General Motors is carefully pondering on the development of the successor to the renowned Chevrolet Camaro, which the automaker sees as a big success. It is now taking careful steps in redesigning the sixth-generation Camaro, which is due in the fall of 2015. According to Camaro's chief engineer Al Oppenheiser during an interview at a Chevrolet press event this month, there were several issues to tackle, one of which is the weight reduction.
He related that they "always get hammered for mass" and that it is "not going to be getting easier going forward" with the forthcoming CAFÉ regulations.
Oppenheiser also shared that styling is another issue. He noted that the Camaro is a "very successful" automobile. He further explained that in some ways, it is "actually going to be tougher" to develop the redesigned vehicle. He shared the dilemma of determining from which generation (such as first-generation 1967-1969 Camaro model or second-generation 1970-1981 units) the sixth-generation model will look like.
The chief engineer of Camaro has not disclosed which direction the team is leaning, but one can understand where the pressure is coming from. Last year, Camaro held 42% of the rear-drive performance coupe market, which is composed of the Dodge Challenger, Ford Mustang as well as the latest Hyundai Genesis coupe.
In the same year, Chevrolet sold 88,249 units of the Camaro, followed by the Mustang with 70,438 units, and the Challenger with 39,534 units sold. Also during 2011, Hyundai achieved sales of 32,998 Genesis units, but the figure includes the sedan and the coupe.
In designing the new Camaro, Chevrolet made sure to draw attention to the openings of the wheel arch. Specifically, the relationship between the bottom of the fender and the top section of the tire is constant no matter what the model is. This is true whether the new Camaro is fitted with the standard 18-inch wheels or even the 19-inch wheels and the 20-inch versions, with the latter two being offered as an option.
In addition, all of the models will have the “V” design motif on the nose. There is of course the power dome, measuring 2.5 in. (63.5 mm), which brings to mind the high-performance Camaro range. For the SS models in particular, lower air intake is now larger with a simulated air intake being placed on the front fascia’s upper portion. Looking at the 2010 Chevrolet Camaro, the design is clearly almost the same as that of the first generation. This is a way for the brand to honor the first models that were manufactured beginning in 1967 and all the way to 1969.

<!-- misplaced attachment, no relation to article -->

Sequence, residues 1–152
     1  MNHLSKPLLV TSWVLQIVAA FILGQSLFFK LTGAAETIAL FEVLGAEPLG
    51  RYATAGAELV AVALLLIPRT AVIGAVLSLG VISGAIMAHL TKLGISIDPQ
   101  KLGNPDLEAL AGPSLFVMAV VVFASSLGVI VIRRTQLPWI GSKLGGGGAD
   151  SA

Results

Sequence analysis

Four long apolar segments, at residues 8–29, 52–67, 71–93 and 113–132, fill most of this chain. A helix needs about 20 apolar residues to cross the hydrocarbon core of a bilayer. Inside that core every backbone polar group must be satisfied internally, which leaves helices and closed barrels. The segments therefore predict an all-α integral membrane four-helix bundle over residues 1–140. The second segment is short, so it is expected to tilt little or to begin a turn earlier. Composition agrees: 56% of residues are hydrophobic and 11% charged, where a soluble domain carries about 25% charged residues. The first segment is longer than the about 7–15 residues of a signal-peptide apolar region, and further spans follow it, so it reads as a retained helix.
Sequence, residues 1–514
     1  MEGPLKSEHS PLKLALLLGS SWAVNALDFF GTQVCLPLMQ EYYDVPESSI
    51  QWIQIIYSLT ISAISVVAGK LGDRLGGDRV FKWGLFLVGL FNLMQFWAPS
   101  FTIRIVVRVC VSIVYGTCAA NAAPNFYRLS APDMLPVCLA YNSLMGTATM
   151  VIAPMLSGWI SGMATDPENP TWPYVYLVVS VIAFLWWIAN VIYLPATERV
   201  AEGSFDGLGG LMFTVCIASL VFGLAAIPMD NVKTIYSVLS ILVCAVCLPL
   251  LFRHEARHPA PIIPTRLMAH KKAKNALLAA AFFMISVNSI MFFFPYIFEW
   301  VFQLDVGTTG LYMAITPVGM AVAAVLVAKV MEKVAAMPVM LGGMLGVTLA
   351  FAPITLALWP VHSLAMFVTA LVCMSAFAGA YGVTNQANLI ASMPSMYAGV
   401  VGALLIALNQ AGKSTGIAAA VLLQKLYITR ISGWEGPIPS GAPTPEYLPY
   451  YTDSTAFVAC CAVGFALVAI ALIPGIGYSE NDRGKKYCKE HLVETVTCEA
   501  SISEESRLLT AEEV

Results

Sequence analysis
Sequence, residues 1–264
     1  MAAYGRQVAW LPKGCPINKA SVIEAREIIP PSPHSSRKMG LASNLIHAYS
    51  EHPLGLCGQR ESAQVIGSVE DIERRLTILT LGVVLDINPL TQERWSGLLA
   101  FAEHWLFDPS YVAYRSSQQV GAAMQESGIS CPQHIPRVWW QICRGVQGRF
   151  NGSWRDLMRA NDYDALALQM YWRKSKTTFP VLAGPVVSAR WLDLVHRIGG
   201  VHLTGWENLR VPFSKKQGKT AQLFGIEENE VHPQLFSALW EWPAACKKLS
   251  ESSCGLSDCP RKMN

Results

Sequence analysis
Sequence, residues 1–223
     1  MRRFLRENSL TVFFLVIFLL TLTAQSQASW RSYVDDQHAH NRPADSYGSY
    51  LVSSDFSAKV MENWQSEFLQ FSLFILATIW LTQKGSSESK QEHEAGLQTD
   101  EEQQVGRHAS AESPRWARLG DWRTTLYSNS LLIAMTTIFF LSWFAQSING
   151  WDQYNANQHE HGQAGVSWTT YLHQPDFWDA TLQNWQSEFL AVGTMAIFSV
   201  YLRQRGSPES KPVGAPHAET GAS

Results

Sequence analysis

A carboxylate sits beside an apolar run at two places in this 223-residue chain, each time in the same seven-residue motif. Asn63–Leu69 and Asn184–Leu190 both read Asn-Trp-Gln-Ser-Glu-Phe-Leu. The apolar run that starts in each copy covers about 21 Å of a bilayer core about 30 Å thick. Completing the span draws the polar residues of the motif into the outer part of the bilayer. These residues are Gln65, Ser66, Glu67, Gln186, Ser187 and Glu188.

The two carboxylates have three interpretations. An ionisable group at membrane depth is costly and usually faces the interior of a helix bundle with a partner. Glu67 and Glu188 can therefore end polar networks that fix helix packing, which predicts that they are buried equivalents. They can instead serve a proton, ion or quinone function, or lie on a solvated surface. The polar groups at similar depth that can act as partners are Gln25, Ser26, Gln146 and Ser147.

The dimensions of this two-door sports coupe are the same as those of the classic version with a length of 190.4 in. (4,836 mm), width of 75.5 in. (1,918 mm), and height of 54.2 in. (1,376 mm).
These are then placed on top of the wheelbase measuring 112.3 in. (2,852 mm). Further, both the short deck and the long hood have been positioned to the fender forms’ far corners. Looking at the windshield, it can be seen that it has a 67-degree rake. With these two features combined, aerodynamic drag is improved with coefficient of drag (Cd) at 0.37 for the V6 models. Cd for the V8 SS variants is better at 0.35.
The design team took inspiration from the Corvette and installed sculpted twin cockpits on its roof, giving it that unique Chevrolet presence. While the B-pillar may not be obvious to the naked eye especially when looked from the outside, it remains to have an appearance much like a hardtop coupe. In addition, the B-pillar has been designed to ensure that the structural rigidity of this model is enhanced.
Further, the brand made sure that quality would be present during the manufacturing phase. To make this possible, Chevrolet utilized a one-piece body stamping, resulting in the side having a cleaner look as there are no plastic appliqués, gaps, or even seams. On the quarter panel in the rear, the front part has “gills,” which is another design cue that Chevrolet has long shown.